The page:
Deep ITM options about to expire are candidates for being exercised. They start behaving like the stock itself since there's zero real chance of them not expiring ITM. They have no extrinsic value and in fact may trade slightly below their intrinsic value (at a discount to parity, parity being the intrinsic value). This is because no one really has any incentive to trade the option anymore, especially when they could trade the stock instead, which has more liquidity. A market maker would agree to buy it at a discount and at the same time open a position on the stock and exercise the option, profiting from the discount arbitrage. For example, XYZ is trading at $50, and a 45 call is trading at $4.95. A MM buys the call while simultaneously shorting 100 shares, exercises the option and collects the risk-free profit of $0.05:
(50 - 45) - 4.95 = 0.05
Selling spreads is a very common theta gang strategy, so let's examine the case of early assignment and assignment after expiration.
You sold a 50/55 vertical call spread for $1.40 on XYZ that's trading at $53. It expires in a few days but for whatever reason the buyer decided to exercise early and you were assigned. You're now short 100 shares at $50 while still long the 55 call. Because vertical spreads are risk defined trades, this isn't a big deal. You're still long the 55 call, so you have upside protection which will cap your losses at $360 (500-140) should the stock move past $55. You could take the risk of riding it out and hoping the stock falls or you can close out the trade, accept your losses and move on.
The other scenario is assignment at expiration. This is actually the more dangerous case of the two. Imagine the same circumstances except it's expiration day (Friday). The stock closes at $53, the short call expires ITM, and the long call expires worthless. The short call is exercised and you're assigned. Because you no longer have upside protection anymore, this is not a defined risk trade but instead undefined. You're short the stock over the weekend and no one knows what the opening price will be Monday. If major news gets published Sunday the stock could soar. Or it could crater. This is not the kind of risk theta gang likes to take. You should always close out of your short options on the day of expiration if there's a real chance of them expiring ITM, especially when your long options will expire OTM. Otherwise at that point you're now delta gang.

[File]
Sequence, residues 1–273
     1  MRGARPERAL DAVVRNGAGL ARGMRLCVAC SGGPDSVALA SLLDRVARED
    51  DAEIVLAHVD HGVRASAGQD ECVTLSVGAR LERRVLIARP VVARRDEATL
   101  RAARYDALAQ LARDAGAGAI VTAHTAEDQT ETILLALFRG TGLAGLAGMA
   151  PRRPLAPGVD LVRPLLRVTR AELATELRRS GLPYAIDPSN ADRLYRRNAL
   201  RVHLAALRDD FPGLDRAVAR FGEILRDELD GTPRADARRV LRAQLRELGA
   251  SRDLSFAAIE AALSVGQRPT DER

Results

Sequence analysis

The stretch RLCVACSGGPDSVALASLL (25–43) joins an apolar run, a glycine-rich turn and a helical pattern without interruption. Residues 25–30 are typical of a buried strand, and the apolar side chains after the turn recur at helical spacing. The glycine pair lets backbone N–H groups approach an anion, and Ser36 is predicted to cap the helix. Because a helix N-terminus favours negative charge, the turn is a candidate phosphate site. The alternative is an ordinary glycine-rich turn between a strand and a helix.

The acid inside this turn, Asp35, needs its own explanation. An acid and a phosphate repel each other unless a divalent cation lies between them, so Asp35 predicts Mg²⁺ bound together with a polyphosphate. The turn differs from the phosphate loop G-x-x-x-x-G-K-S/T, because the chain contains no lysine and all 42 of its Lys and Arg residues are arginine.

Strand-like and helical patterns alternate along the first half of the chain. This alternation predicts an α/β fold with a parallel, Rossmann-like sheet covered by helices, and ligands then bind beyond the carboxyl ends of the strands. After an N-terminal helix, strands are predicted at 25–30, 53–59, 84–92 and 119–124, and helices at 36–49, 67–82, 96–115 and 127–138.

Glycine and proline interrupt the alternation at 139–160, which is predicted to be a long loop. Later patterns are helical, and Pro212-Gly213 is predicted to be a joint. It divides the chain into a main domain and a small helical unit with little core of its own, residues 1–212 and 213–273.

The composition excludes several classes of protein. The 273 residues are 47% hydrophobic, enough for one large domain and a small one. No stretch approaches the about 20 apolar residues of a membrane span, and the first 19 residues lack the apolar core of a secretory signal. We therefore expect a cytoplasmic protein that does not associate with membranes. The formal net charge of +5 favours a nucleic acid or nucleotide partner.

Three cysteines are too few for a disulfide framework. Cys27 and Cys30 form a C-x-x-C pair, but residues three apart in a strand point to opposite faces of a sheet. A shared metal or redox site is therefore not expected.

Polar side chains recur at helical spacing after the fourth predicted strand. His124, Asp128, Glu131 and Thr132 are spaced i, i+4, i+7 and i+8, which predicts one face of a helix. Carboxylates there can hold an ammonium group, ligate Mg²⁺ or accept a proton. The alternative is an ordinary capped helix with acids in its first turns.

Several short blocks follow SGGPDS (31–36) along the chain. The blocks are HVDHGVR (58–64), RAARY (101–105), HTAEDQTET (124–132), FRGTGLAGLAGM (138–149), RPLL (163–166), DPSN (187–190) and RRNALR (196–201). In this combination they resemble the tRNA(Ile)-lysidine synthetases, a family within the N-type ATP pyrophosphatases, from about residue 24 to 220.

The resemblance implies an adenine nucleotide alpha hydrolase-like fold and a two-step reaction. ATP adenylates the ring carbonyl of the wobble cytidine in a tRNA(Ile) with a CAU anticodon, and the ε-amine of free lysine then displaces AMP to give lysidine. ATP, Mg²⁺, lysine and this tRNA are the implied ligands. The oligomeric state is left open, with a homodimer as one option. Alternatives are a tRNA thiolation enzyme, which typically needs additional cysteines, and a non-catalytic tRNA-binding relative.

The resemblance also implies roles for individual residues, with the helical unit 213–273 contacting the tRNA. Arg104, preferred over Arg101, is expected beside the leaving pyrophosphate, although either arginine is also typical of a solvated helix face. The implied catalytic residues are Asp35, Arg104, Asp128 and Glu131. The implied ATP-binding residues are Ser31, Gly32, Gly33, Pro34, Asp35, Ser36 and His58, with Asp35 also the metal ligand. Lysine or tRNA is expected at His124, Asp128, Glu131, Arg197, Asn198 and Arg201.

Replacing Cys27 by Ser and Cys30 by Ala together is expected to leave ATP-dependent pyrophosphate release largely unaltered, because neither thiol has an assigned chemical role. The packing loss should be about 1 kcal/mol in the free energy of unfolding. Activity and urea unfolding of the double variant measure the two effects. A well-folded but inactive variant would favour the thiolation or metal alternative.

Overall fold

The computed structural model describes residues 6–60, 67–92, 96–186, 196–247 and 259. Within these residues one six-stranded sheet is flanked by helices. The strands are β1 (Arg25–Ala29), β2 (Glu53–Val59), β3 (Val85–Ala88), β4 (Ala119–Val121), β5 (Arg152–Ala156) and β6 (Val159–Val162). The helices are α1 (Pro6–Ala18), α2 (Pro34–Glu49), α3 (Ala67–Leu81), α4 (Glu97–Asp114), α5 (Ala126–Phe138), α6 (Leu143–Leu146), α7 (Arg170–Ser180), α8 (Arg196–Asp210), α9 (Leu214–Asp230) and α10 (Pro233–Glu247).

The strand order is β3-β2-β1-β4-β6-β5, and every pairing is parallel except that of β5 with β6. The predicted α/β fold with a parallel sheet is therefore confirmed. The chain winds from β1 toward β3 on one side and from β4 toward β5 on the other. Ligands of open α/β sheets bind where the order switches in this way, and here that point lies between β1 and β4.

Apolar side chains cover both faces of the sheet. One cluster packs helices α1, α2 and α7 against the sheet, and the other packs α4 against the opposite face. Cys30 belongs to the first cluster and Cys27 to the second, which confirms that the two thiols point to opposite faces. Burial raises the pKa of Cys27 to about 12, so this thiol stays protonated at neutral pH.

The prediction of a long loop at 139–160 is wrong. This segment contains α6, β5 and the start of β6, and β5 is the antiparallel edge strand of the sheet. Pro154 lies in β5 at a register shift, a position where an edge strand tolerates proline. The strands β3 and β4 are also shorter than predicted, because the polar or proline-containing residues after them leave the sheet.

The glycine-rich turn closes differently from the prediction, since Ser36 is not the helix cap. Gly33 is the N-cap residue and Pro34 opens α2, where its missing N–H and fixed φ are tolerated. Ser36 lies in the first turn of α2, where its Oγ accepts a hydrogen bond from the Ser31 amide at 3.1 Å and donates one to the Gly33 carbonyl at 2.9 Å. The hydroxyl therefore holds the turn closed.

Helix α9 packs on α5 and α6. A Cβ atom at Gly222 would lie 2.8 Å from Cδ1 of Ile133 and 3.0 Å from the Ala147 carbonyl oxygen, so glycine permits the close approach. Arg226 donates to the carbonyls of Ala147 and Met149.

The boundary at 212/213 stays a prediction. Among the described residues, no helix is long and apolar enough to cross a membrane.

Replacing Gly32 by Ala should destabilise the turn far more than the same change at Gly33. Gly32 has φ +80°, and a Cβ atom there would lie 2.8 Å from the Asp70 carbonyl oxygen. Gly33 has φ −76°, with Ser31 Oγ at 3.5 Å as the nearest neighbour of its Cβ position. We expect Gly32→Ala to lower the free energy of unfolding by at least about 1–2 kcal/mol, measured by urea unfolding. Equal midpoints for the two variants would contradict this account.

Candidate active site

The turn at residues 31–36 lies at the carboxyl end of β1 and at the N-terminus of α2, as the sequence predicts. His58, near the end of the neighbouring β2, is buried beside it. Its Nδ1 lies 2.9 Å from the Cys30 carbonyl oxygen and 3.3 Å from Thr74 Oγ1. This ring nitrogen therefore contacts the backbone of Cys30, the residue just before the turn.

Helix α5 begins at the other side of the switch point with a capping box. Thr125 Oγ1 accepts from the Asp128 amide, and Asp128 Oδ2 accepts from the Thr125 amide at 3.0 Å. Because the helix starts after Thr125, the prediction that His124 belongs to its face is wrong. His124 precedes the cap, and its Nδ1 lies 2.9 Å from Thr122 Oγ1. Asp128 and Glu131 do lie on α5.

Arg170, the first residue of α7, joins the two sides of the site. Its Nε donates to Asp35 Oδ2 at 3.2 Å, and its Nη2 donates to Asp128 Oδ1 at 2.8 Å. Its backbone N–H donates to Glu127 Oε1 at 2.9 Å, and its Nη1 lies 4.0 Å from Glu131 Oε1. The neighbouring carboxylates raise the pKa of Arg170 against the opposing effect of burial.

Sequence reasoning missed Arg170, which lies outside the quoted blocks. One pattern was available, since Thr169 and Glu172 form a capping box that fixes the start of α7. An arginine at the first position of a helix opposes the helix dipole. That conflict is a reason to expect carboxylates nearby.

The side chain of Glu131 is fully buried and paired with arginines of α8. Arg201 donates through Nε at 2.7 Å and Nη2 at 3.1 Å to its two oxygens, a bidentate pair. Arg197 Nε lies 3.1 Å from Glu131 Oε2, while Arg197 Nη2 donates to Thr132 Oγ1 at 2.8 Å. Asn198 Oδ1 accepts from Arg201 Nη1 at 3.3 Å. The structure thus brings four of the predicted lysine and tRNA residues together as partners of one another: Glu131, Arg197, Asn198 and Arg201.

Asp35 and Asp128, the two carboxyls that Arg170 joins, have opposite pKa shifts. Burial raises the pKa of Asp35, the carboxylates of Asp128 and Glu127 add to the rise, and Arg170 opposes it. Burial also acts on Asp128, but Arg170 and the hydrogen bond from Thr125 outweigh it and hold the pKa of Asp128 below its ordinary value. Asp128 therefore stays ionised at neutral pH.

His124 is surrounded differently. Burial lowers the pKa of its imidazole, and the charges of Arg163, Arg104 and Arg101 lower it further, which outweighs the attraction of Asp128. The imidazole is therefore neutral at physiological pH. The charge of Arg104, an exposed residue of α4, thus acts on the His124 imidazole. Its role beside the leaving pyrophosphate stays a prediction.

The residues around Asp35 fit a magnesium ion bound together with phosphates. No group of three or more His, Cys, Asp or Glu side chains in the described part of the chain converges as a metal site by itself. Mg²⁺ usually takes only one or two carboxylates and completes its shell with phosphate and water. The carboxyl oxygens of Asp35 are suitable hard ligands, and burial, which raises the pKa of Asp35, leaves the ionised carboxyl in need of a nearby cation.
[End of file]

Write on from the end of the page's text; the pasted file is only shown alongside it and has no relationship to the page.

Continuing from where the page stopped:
If both the short and long options are ITM at expiration, the most you can lose is the spread minus the premium received. You might as well close out to avoid the hassle of being assigned and exercising your long options.
The specter of early assignment gets raised quite a bit around the time dividends are paid. The scenarios are different for calls and puts.